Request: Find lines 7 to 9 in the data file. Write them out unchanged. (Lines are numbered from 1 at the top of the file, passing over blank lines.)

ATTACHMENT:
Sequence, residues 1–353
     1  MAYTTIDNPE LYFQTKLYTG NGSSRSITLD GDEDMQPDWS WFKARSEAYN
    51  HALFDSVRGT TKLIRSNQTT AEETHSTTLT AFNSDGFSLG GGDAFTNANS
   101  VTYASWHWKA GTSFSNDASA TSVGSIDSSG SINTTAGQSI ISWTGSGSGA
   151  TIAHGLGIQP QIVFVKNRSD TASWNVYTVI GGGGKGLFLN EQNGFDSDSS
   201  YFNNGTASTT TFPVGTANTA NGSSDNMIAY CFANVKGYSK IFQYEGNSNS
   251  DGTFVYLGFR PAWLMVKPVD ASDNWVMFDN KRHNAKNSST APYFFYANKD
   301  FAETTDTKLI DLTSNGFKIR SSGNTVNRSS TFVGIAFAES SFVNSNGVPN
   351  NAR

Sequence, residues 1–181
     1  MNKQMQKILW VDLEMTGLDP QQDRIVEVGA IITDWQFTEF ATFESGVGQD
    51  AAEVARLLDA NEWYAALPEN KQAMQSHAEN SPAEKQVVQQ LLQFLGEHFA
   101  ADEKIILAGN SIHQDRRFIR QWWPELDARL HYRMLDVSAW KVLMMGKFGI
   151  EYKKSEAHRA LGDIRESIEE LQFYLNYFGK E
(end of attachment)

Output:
   251  DGTFVYLGFR PAWLMVKPVD ASDNWVMFDN KRHNAKNSST APYFFYANKD
   301  FAETTDTKLI DLTSNGFKIR SSGNTVNRSS TFVGIAFAES SFVNSNGVPN
   351  NAR